To the gal who said she ate lunch for $100/yr – no way, unless you’re eating ramen noodles daily, I don’t buy it. Also, childcare runs way more than 3k a year – between the extra time/gas/kids lunch/occasional running late fees, the real world number is at least twice that. And when you’re dropping your real life infant off at real life day care, suddenly your baby just got cuter and more important, up goes day care to 12k, or enter Nanny for at least 18k a year. There goes the “surplus”, without even factoring in the missing diaper bags, supply fees, etc., that make up “childcare”.

To the gal who commented that children in childcare typically have more incidence of illness, requiring more medical care costs, excellent point. Not to mention that it is usually the Mom who takes said child to the Dr., missing work, which costs more still. Even if Dad takes the kiddo to Dr., someone is missing work and burning hours. I would throw in the cost of an extra Dr visit, prescription and a day off (not much fun spending your vacation time in a waiting room) – minimum 2k a year. And there’s the added stress, your additional sick days, and suffering work performance because you are rightly distracted by thoughts of your child in day care.

Just thoughts from a former six-figure earner who learned better than “but my income is how we live, and my work completes me”. Not really, much to my self-important dismay :)Love.

KB October 1, 2009 - 10:44 pm

To add to Cottage Child’s observations:
My former employer would only allow employees to take a specific portion of our sick days to care for our children. We were absolutely not allowed to use vacation days to care for children. So, if a supervisor discovered that the employee had violated this rule that would be grounds for dismissal.

Of course, there were some sympathetic supervisors who would turn a blind eye, especially if a person had more than two children. But that wasn’t always the case.

Can you imagine what implications this has during the flu season? If you can’t, I’ll tell you. I will never forget how one parent whose child was at the same daycare as mine was telling me about how they sent their child on to school even though early that morning they had a fever of 101+ (they gave them a “good dose” of Motrin to mask the fever). Needless to say, within days other children in this class, including mine, came down with similar symptoms. :-(.

By the way, I’m am in no way trying to say that just because you stay at home with your children they will never get sick. We’ve had our share of illness this year because we’re around other people, including other children, who are infected themselves.

KB October 1, 2009 - 10:57 pm

Oh yes, and we were spending $1000/month on childcare (just in tuition, not additional childcare expenses for supplies, fundraisers, etc.). Yes, there were places that charged a lot less, but you should have seen the conditions to which our children would have been subjected. (Higher child-to-caregiver ratios, unclean, smelly facilities, no attempt at educational/cultural enrichment, high turnover for caregivers, etc.)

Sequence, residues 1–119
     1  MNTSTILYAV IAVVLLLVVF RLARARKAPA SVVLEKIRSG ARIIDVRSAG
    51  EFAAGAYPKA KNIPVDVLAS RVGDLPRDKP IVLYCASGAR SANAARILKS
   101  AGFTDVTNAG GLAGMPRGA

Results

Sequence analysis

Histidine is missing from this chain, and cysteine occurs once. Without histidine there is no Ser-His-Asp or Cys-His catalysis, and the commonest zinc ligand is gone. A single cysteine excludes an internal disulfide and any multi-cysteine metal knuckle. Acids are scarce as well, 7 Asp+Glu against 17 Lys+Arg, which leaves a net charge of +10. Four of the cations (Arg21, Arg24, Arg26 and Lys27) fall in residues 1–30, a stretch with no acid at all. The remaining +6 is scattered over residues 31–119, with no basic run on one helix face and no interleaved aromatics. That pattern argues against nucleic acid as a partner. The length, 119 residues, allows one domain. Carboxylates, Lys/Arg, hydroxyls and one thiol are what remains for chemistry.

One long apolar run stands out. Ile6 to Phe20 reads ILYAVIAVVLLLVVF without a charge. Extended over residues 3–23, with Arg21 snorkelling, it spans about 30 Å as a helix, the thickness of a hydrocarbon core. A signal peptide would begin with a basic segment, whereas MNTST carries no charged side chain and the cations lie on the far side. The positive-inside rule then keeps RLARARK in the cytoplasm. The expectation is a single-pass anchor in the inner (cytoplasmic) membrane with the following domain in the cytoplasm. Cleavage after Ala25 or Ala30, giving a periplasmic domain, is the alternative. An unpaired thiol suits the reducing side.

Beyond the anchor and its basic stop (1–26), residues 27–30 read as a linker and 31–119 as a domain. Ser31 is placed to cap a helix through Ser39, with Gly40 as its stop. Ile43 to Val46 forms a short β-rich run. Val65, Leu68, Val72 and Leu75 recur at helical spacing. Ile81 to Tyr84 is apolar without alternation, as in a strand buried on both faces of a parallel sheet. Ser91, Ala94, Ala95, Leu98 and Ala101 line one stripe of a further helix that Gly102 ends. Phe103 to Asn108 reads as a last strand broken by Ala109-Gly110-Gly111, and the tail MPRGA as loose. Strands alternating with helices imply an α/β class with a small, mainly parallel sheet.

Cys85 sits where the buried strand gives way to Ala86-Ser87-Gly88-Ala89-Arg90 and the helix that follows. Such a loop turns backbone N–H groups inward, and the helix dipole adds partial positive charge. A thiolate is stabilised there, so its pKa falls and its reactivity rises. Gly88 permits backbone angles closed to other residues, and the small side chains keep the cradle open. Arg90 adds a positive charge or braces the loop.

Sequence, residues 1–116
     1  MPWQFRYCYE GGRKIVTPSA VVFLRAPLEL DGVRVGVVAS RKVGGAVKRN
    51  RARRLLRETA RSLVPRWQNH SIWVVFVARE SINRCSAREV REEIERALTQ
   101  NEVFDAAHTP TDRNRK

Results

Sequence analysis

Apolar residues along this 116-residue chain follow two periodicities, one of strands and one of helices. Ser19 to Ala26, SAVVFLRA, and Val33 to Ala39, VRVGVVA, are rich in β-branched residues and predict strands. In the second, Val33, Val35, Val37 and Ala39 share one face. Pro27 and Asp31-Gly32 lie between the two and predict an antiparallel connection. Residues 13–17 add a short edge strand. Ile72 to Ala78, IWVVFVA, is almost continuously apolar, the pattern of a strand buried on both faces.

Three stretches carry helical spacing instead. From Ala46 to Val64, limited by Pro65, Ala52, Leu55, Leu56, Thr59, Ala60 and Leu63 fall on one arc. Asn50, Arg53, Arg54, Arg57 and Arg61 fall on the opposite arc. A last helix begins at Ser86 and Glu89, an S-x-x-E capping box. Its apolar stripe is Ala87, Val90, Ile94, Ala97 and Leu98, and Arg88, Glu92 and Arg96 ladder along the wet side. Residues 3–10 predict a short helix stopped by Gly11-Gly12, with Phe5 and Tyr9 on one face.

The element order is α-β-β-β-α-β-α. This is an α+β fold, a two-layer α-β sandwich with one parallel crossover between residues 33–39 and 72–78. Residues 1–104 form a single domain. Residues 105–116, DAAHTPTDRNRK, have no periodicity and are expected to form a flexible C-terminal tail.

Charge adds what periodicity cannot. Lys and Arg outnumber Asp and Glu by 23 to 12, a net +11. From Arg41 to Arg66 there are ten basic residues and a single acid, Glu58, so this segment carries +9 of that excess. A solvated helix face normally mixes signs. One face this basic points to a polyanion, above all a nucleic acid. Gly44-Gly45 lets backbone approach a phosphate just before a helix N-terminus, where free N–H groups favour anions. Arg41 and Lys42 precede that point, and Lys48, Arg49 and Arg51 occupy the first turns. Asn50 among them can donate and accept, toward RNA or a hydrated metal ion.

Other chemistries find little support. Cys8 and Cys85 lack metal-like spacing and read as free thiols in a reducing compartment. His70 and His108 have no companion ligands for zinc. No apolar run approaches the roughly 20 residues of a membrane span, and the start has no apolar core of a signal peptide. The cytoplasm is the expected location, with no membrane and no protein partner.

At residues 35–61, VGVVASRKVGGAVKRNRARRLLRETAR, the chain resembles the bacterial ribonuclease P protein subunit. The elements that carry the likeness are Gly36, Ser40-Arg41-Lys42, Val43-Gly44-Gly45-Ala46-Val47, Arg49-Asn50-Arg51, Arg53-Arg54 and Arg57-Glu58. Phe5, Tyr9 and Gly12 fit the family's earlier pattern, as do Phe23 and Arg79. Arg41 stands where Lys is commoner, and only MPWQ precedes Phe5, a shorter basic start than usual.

In fact, at one point our children were in a more expensive center. I happened to “pop in” one day unexpectedly to find my child sitting in a diaper on the dirty, rubber mat leading to the outside exit of the classroom. And the waiting list for this center was several months long!

Once again, I’m not saying that all stay-at-home mothers are super perfect with super perfect households (myself included especially). But this isn’t about what everyone else is doing, this is about doing the best I can by the children God has entrusted to my care.

Cheri October 1, 2009 - 11:12 pm

I just skimmed through the comments, so please forgive me if this has already been said! 😉

In response to Janelle,
I just wanted to point out that if you put your baby in Childcare to return to work, you most likely will need to use disposable diapers, instead of cheaper cloth diapers. Also, you are WAY more likely not to breastfeed, or to give up on breastfeeding early. If you do try to breastfeed while working, you will need an expensive pump, bottles, and possibly more gas money for a lunch break feeding. If you decide to use formula- quote from The Cottage Child above “when you’re dropping your real life infant off at real life day care, suddenly your baby just got cuter and more important”, same goes with the brand of formula, quality of water, and the type of bottle. One site I visited estimated the cost of formula feeding to be between $750-$3000.+ /yr. Just a few more things to consider that will eat away at your income. I also think your Childcare cost estimate is very low, or I live in a very expensive area. Here, the lowest price for a full day at daycare is $29/day. Even part-time, (3 days a week) this is still much higher than $3000. per year. My Sister is attending college part-time, and pays $650/month for her 2 year old to attend part-time daycare. She spent months researching and visiting less costly homes/centers, and decided it’s true, You get what you pay for! Just some thoughts. 🙂

KB October 1, 2009 - 11:55 pm

Hi Kelly,
I tried to post a little earlier, but I wonder if it got stuck in the spam folder?

Joanna October 2, 2009 - 9:12 am

I think that $100 a year for lunch for part-time working over and above what you would spend for lunch normally (i.e., if you were at home) is doable. Maybe it’s harder to realize that if you had been making a triple-digit income, but not all of us live like that or have ever lived like that.